A Poet's Life


Startseite / Flashes Of Thought / The Danger of Trauma Care Apathy (Part 2)

The Danger of Trauma Care Apathy (Part 2)

      My first encounter with Suncoast was a nightmare. My appointment was scheduled for 11:00a.m. on a Monday morning . I was told it was an intake and would last about three hours. That unnerved me already. I arrived there at 10:55a.m. and stood behind someone at the counter. Not sure if I was in the right place, I leaned over to another window and asked if I was in the correct line. I received an abrupt response to go stand in line. Looking around, I finally saw a sign that said line forms here, obediently walked over, and took my place behind the two women that walked in after me. Those two ladies had absolutely no intentions of letting me get in front of them even though I was there first. While standing in line, I realized I’d forgotten the paperwork they required. My anxiety level was beginning to rise.
      The waiting room was like a combination of One Flew Over The Cuckoos Nest and a scene from some 70’s Blaxploitation movie. An elderly man was staring into an empty space only he could see, while holding a bag full of pill bottles against a repetitively shaking knee. He’s the one that most stood out for me at that point.
      I still waited in line, hoping I wouldn’t get the scrunchy faced, angry-looking, middle aged lady who clearly hated being there. The two women ahead of me had since been called to her window as the other window was occupied by a large man, I’m guessing in his forties, who was explaining to the young lady that he NEEDED his psych meds. She repeatedly responded to him saying October 16th was the soonest available appointment. He shook his head and stated matter of factly, “but I REALLY NEED my psych meds.” She sent him away with a condescing smile and as he walked by me, I could see the confusion in his eyes. I prayed I wouldn’t run into him somewhere when the absence of psych meds might push him over some unseen edge.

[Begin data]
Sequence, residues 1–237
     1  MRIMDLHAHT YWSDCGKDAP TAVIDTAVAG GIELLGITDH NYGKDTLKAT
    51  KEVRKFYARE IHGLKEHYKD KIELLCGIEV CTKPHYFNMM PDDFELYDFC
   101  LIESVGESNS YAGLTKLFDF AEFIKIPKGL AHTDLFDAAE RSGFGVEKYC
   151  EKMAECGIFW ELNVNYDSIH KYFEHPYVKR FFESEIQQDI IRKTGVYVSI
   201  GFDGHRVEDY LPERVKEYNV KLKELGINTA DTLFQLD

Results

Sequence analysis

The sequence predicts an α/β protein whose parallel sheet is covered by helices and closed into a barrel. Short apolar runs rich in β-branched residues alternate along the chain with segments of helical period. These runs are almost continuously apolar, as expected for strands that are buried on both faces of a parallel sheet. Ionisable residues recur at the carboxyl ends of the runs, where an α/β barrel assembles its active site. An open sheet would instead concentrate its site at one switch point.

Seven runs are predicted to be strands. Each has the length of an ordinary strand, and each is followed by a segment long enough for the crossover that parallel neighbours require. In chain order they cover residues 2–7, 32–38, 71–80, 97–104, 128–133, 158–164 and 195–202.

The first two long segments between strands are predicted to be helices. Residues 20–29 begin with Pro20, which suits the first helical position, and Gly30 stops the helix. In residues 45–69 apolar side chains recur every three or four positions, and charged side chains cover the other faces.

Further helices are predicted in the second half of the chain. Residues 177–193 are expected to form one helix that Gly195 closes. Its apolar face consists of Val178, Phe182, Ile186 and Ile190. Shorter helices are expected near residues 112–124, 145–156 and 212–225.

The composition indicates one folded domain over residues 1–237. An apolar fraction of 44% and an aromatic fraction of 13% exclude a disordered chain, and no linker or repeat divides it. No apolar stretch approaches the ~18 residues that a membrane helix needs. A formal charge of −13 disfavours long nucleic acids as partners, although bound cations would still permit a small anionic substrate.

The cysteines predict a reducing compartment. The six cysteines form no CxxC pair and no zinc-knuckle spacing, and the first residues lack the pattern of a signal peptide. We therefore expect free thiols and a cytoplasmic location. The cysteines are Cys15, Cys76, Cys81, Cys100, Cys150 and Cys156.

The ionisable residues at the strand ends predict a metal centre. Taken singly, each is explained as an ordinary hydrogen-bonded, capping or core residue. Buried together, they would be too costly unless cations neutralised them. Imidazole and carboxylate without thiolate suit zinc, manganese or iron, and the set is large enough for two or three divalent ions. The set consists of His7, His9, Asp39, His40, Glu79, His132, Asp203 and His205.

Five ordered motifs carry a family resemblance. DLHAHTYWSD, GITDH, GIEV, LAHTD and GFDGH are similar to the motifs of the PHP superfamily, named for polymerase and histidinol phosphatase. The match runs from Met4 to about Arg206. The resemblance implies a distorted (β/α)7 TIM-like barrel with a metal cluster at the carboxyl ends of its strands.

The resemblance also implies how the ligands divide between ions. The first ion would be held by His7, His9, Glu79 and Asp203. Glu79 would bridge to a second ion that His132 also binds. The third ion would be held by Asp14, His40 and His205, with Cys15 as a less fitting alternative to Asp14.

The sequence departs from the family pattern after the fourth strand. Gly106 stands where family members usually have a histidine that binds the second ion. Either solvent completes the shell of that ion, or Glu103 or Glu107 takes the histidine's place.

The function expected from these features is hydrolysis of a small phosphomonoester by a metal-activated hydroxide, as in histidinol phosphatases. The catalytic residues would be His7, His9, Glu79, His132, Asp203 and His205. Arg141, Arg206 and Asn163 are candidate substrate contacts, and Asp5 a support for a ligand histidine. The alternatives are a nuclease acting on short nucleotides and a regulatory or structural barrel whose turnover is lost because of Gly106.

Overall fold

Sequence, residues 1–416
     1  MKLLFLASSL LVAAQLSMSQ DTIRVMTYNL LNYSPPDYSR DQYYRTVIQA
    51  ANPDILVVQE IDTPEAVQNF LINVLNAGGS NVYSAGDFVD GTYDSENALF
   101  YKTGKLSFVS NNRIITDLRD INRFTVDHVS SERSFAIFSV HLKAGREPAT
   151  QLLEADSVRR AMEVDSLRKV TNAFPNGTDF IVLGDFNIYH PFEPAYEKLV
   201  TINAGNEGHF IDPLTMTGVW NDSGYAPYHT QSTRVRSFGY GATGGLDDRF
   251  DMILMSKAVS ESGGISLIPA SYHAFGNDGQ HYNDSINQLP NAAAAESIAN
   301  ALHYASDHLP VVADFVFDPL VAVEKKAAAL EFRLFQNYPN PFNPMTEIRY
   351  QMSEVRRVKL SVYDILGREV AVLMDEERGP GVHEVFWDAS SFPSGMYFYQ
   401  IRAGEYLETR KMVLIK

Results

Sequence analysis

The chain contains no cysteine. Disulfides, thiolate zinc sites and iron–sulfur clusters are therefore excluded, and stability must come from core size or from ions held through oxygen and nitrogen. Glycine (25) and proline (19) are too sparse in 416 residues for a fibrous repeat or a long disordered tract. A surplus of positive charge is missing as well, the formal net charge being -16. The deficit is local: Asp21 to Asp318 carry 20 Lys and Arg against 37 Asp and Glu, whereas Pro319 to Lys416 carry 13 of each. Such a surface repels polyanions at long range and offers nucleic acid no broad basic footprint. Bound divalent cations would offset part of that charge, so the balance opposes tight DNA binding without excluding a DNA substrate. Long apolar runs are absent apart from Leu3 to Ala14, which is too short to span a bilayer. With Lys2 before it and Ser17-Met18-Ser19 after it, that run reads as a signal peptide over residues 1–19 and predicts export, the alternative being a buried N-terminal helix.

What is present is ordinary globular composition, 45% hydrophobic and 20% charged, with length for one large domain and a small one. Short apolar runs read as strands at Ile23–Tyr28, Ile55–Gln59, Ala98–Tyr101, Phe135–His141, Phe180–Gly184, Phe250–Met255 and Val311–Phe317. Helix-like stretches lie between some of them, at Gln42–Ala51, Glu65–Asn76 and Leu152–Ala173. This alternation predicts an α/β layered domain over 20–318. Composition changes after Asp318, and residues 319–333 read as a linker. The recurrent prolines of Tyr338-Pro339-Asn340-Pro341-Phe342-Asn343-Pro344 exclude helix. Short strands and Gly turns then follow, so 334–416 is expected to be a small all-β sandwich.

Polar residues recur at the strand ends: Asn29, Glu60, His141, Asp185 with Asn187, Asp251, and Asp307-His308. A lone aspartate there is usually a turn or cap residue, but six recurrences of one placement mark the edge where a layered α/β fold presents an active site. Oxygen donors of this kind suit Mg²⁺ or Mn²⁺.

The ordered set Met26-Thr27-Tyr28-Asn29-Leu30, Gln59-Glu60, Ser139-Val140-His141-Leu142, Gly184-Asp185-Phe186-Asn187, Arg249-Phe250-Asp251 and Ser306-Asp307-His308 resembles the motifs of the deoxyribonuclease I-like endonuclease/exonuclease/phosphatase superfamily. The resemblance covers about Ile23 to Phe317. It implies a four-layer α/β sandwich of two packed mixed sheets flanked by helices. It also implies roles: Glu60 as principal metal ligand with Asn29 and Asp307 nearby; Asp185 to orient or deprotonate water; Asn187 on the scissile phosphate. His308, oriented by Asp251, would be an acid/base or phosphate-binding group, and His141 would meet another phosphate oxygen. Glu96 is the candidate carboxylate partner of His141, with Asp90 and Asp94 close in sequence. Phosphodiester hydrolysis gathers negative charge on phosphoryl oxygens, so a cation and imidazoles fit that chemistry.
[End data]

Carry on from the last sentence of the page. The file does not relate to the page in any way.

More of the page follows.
Fortune was with me as I was called up to the window by the young lady with the big smile on her face. I told her my dilemma about forgetting my paperwork and she proceeded to tell me I didn’t need the paperwork every time. I explained it was my first time there, only to see her smile disappear as I got a curt, „well, you need your paperwork to get PROCESSED.“ I told her I lived close by and could run home and get it. My question was whether I’d missed my window of opportunity as I would now be late for my appointment. She told me that wouldn’t be a problem and to check in with her upon my return.
      By this time, my nerves were on edge, I felt uncomfortable and very ill at ease. I began to question my decision about whether or not I should just walk out and not return or take it all like a trooper and forge ahead. After exiting the building and getting back into my car, I sat there for a few minutes, the AC drying the persiration on my face and felt a deep sense of fear slip into my chest. I really felt like I needed to proceed, as I had been fighting a sense of despondency for several weeks. I put my car in drive and rushed home feeling like hell the whole way. I didn’t feel safe or comfortable in that environment and I didn’t really want to go back.
      Upon arriving home, I grabbed the paperwork and sat on my couch questioning my better judgment not to return. I was hesitant, unsure, but I really felt I needed the help.
      I followed that momentary fight or flight response and decided to go back. It had to get better, right?

To be continued.

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